The most common reason alcoholic beverages are used in a recipe is to impart flavor. Extracts with the most intense flavors are alcohol-based, particularly vanilla.
In some recipes, alcohol is used to achieve a desired chemical reaction in a dish. Beer contains yeast that leavens breads and batters. Sometimes, alcohol is used in marinades to help break down tough fibers in meats. Other dishes use alcoholic content to provide entertainment, such as flaming dishes. In these cases, it is important to choose a substitute that will achieve a similar effect.
Wine was originally added to fondue to lower the boiling point of the cheese to prevent curdling. You may not be able to find an adequate substitute in that instance. In the case of leavened goods, you can try club soda to replace beer, but the results will be subtly different. You might also consider a different recipe that uses another leavener such as yeast, baking powder or baking soda. For marinades, acidic fruits will usually do the trick. For flambees and flamed dishes, you're out of luck and you should plan to use a different recipe. For flavoring alone, you will often have a number of substitution options.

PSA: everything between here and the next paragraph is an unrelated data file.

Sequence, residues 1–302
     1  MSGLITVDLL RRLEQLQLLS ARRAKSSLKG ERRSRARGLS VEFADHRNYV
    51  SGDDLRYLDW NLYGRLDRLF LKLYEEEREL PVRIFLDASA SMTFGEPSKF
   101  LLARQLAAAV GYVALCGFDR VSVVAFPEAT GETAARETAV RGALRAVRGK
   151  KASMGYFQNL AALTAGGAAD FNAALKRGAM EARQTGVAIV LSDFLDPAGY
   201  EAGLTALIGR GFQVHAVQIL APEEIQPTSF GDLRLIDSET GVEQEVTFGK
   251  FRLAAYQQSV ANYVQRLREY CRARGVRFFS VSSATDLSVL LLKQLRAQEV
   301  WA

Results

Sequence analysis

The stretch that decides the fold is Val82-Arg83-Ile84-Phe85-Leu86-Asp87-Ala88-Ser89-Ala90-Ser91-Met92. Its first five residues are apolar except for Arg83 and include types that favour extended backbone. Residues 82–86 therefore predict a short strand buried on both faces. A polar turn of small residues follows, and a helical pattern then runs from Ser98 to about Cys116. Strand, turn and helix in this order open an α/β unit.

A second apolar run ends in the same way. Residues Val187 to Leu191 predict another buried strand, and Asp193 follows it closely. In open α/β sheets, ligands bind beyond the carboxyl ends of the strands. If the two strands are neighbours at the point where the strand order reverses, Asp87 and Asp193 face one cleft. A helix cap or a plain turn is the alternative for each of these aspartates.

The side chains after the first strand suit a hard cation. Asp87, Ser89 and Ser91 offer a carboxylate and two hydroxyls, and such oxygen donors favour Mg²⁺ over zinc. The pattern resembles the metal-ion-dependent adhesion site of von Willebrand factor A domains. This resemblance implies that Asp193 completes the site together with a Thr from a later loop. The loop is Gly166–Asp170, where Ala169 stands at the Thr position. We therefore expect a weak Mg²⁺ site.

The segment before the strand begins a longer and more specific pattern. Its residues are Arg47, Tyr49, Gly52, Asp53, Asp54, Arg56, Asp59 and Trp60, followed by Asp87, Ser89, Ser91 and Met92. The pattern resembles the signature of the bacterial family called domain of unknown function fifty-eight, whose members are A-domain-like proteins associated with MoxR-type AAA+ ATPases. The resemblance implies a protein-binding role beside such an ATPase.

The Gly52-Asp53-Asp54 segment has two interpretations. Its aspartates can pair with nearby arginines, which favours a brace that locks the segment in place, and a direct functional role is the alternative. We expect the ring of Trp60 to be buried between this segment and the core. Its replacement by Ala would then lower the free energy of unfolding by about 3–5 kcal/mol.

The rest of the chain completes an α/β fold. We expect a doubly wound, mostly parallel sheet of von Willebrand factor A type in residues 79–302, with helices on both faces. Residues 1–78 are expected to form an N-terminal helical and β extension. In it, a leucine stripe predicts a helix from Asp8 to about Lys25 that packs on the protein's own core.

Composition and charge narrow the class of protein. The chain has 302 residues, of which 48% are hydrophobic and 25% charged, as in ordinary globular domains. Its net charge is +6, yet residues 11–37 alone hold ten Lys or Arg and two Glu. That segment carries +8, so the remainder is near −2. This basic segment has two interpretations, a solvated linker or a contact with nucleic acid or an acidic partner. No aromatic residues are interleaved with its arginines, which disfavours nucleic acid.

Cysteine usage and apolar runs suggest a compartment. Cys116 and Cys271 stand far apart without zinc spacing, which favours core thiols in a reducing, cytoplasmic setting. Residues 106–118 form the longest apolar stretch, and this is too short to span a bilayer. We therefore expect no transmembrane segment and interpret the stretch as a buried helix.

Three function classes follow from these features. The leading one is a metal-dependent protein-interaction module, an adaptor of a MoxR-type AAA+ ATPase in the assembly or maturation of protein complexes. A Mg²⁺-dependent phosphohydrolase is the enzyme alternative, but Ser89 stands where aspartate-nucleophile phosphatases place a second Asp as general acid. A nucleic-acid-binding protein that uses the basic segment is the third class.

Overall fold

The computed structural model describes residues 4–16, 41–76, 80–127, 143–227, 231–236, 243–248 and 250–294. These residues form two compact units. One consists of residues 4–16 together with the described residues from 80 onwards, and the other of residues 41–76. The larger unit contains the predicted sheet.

see previous post -- Part One
Stay tuned and Keep Coming Back for Part Three.